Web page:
Amphibians on the brink
What you should know about a frog-killing fungus
Justine E. Hausheer • December 9, 2011
On May evenings, the cacophony of spring peepers is less deafening than before. Frogs are in trouble — a lethal fungal disease called chytridiomycosis is threatening little backyard frogs and their counterparts across the globe.
Frogs play an important role in every ecosystem by eating insects and serving as prey for fish, birds, snakes and mammals. Frogs also help scientists study ecosystems, because they are an indicator species. In other words, healthy frogs usually mean a healthy ecosystem.
But many frog species are not healthy. In the last 30 years, chytrid has caused the extinction or catastrophic population decline of over 200 species of frogs. Read on to learn more about this lethal fungus.
What is chytrid, and where does it come from?
Short for chytridiomycosis, chytrid is an infectious disease that affects amphibians, especially frogs and salamanders. Caused by the fungus Batrachochytrium dendrobatidis (Bd), chytrid is found on every continent except Antarctica, and has been linked to massive amphibian declines in Australia, Africa, the Americas and Europe. Currently, the fungus affects more than 350 species of amphibians.
Scientists are not sure where chytrid originated, but there are two basic hypotheses. One is that the fungus originated in a single location and then spread to new host species in other regions. According to this theory, chytrid was likely spread by African clawed frogs, which were shipped around the world in the early 1940s for use in pregnancy testing research. The second hypothesis is that the fungus has existed on multiple continents for a long time. In this case, either the fungus has recently become more lethal, or amphibians have somehow become more susceptible.
Recent research by Rhys Farrer, from Imperial College London, suggests that both hypotheses are correct. His team sequenced the genomes of Bd samples from Europe, North America, South America, Australia, and Africa. Most of the Bd samples were genetically identical, representing a virulent strain of the fungus. By examining mutations in the fungal genome, Farrer could tell that the strain formed within the past 100 years. Farrer thinks that this exceptionally deadly strain formed when modern amphibian trade brought two weaker forms of Bd into contact. The new strain then spread to multiple continents via trade.
What happens to infected frogs?
Chytrid infects an amphibian’s delicate skin, especially on its belly, pelvis, and feet. Frogs have keratin layers within their skin, the same substance that makes up human hair and fingernails. Chytrid causes these keratin layers to thicken. Many frogs absorb water and oxygen through their skin, and the thicker keratin makes it difficult for them to get the water and oxygen they need, causing death.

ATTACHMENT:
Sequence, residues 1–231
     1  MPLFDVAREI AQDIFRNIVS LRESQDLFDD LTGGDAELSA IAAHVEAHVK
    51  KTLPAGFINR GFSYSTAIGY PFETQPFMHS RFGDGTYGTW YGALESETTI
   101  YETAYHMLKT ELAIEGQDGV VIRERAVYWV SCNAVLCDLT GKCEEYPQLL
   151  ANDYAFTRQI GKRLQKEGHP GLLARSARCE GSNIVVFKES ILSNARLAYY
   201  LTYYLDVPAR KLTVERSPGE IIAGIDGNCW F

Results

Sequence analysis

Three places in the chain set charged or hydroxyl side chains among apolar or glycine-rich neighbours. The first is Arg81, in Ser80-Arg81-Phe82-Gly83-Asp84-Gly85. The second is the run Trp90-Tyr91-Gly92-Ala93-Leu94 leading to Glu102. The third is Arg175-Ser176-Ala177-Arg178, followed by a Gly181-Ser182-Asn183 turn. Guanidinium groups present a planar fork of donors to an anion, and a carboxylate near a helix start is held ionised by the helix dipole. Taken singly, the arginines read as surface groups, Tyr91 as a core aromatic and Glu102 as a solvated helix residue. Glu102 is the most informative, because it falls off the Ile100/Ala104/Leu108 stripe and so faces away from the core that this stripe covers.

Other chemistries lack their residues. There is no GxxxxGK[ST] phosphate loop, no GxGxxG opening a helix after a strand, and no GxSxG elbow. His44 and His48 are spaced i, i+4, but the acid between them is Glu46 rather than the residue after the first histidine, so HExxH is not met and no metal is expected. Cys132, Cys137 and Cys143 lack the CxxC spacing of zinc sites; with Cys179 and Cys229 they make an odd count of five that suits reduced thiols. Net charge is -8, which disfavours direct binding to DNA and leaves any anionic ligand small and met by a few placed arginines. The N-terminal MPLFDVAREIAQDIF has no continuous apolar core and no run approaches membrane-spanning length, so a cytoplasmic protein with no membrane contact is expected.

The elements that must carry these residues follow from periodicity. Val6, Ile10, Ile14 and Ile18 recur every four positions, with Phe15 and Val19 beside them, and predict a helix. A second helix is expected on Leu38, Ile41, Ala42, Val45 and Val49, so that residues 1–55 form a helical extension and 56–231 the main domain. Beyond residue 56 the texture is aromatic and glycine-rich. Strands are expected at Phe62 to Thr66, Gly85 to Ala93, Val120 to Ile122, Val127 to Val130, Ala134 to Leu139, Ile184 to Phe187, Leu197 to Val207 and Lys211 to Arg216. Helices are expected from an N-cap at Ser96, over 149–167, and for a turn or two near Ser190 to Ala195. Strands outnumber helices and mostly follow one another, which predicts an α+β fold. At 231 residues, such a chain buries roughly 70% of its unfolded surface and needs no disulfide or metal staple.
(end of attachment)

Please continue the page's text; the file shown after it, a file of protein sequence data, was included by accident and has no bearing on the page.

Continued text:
Mysteriously, chytrid affects some species more than others. Chytrid causes complete mortality in some species, killing every infected animal. Other species, like the American bullfrog, are able to fight the infection. Many bullfrogs survive, still infected, and spread the fungus to different locations.
How is it spreading, and what is being done to stop it?
Scientists are not sure how chytrid is continuing to spread into new areas. Possible methods of transmission include: wind-borne spores, transmission via water, infected frogs carrying the fungus to a new environment, and human shipments of amphibians. Frogs and salamanders are often transported for use as food, pets, bait and subjects of scientific research. Climate change is causing some amphibian species to expand their range, potentially bringing chytrid fungus into new environments. Recent research predicts that bullfrogs will spread farther into South America as the planet warms, exposing more species to chytrid.
Vance Vredenburg, a biologist at San Francisco State University, is experimenting with using bacteria to fight the fungus. He gave Sierra Nevada yellow-legged frogs baths containing the bacteria Janthinobacterium lividu, which produces a substance that is toxic to the fungus. J. lividium is naturally present on the skin of some amphibian species, and the bacteria kept growing on the frogs after the bath. Vredenburg’s experiment showed that frogs exposed to the bacteria still become infected with chytrid, but with a very low level of infection. Individually bathing wild frogs is not a practical solution to the chytrid epidemic, but Vredenburg’s research could eventually lead to a feasible preventative treatment.
To learn more about chytridiomycosis, visit Amphibiaweb.org. Vredenburg is a key author of the section on chytrid, which offers detailed information on the fungus and a comprehensive review of current research.